By Alan Prendergast
By Michael Roberts
By Michael Roberts
By Amber Taufen
By Patricia Calhoun
By William Breathes
By Michael Roberts
By Melanie Asmar
Dave Lawrence, who manages the Park Centre Lounge, a Westminster karaoke bar, is perplexed. "I guess you could call it that. If you want to get technical...I mean, most guys in a bar would kind of like that sort of thing."
Nonetheless, that's the charge listed on a Westminster police report. On February 4 officers had gone to the bar in response to a complaint that a man had been sexually assaulted.
Or, as the Westminster police report explains: "This (blank) subject complimented the subjects on their singing abilities and then stated that they were wondering if (blank). (Blank) said that (blank) has a very high voice and was very young and (blank) believed this was why this (blank) subject was asking these questions."
"This (blank) subject stated that (blank) believed that (blank) was a (blank) and did not have a (blank)."
"(Blank) subject" apparently decided to check. And soon after, Linda Schumaker was charged with third-degree sexual assault.
The Park Centre was crowded and noisy the night of February 4. The alleged victim, a man wearing a cowboy hat who looked to be in his twenties, was there with a girlfriend, Lawrence remembers.
Lawrence also recalls having seen Linda Schumaker and her husband before. "They used to come in all the time, although we haven't seen them since," Lawrence says, adding that on the night in question, "the gal was having fun; she was kind of frisky."
The cowboy-hatted man had just finished his singing and was stepping down from the stage when Schumaker and her male companion complimented him on his singing. They remarked on his high voice. A tussle of a private nature ensued.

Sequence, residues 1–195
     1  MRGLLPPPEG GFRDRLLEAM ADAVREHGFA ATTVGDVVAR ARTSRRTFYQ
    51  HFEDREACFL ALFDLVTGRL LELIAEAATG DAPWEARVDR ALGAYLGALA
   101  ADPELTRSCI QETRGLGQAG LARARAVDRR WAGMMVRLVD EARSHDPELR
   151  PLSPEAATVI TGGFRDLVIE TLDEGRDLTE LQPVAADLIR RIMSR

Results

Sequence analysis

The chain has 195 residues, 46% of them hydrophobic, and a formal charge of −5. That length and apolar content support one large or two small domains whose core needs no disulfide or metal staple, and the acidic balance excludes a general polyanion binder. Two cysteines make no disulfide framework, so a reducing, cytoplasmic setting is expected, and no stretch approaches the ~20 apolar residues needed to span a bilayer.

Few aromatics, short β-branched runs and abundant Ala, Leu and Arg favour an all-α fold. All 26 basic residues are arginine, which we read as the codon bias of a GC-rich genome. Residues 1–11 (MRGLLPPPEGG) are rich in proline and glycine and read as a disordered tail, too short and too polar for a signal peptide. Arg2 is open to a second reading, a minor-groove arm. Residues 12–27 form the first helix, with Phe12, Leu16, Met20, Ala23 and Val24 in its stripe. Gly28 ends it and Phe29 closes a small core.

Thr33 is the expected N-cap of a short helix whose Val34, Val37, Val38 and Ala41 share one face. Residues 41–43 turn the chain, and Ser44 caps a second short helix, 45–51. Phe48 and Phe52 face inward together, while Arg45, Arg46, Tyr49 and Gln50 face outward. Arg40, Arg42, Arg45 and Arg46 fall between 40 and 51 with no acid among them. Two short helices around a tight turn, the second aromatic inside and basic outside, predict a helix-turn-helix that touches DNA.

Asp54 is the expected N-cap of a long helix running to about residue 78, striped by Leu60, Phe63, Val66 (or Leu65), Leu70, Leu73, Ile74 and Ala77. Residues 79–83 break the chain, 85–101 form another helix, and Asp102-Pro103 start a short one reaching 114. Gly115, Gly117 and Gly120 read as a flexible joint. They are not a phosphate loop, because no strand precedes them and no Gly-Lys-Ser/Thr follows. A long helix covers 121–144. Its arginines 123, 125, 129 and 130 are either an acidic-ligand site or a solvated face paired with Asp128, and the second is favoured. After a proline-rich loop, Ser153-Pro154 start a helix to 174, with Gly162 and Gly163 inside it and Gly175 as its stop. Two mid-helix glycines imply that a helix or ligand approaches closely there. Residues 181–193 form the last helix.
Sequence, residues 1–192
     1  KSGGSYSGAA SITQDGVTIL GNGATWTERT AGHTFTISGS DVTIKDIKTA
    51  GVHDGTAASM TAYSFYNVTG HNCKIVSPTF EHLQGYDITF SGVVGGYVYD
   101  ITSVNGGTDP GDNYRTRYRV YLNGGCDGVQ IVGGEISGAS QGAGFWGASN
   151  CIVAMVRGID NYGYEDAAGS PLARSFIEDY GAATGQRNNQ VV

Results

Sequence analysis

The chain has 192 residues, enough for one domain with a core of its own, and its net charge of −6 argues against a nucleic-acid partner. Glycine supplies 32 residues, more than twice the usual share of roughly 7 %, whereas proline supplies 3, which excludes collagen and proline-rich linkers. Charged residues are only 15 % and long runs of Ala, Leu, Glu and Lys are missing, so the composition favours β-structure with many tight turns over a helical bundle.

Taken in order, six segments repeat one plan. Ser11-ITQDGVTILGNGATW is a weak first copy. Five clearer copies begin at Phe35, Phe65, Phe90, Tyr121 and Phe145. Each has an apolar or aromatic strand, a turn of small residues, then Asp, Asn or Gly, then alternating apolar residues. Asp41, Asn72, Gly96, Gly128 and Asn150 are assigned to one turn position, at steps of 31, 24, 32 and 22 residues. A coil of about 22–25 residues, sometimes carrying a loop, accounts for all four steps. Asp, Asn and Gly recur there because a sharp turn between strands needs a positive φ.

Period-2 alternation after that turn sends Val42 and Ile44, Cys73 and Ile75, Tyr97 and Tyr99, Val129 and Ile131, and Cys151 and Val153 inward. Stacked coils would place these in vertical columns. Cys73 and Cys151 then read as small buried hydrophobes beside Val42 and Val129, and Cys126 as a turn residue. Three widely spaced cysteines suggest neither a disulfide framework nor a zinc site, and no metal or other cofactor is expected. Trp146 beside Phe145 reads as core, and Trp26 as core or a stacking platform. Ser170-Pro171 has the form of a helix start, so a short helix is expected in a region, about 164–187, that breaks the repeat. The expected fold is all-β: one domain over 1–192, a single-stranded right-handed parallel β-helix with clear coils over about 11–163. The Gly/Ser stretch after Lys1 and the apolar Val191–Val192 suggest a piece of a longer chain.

Or, as the police report sums it up: "The (blank) then told (blank) wanted to know if (blank) was a (blank) or a (blank)."
Although Lawrence doesn't remember much about the singer's initial reaction to the encounter, he recalls that the girlfriend seemed put out. "She came up to me and said, 'What are you going to do about it?'" he says. "And I said, 'Well, it's not like rape is going on here. I'm not going to do anything about it. Go ahead and call the police if you want to, and file a report.'"
Which she did.
Getting a look at the report, however, is another matter. Adams County assistant district attorney Steven Bernard admits that his department has a file that seems to combine the necessary elements of karaoke, a high-voiced man and an assault that might be construed as sexual. But, he explains, the karaoke incident is part of a serious ongoing investigation and thus is not available for public consumption. He does reluctantly reveal, however, that the DA's investigation is in response to a Westminster Police Department case.
Yes, agrees Westminster city attorney Martin McCullough, the police department is aware of a karaoke-high-voiced-man-sexual-assault incident. But after checking with the Adams County District Attorney's office, which he says informed him it was an ongoing investigation, he declines to release the report.
After Westword points out that this violates the state's open-records law, McCullough changes his mind and faxes the report. Thanks to the police department's enthusiastic editing, the document looks like a cross between a grudgingly declassified CIA file and a notepad that has gone through the wash.
After Westword points out that such close editing also seems a glaring violation of Colorado's open-records laws, McCullough faxes a second, more legible version of the police report. It states that when the alleged victim finished singing, he was "approached by a subject described as a white male, approximately six feet tall, heavy set with a beer belly and brown shoulder-length hair, wearing glasses. He told (blank) that his wife wanted to know if (blank) was a man or a girl.
"This female approached (blank) and stated, 'How big is it? What does it look like?' She then reached down with her hand and grabbed (blank) in the genital area, grabbing his penis in the process.
"The first and second time the female grabbed (blank) she immediately let go; however, on the third time this female squeezed (blank)'s penis area and (blank) stated he suffered pain.
"(Blank) appeared emotionally upset," the police report concludes.
Schumaker and her husband drove away in a silver Cadillac. Neither Schumaker nor (blank) could be reached for comment. According to the Adams County District Attorney's office, the investigation is ongoing.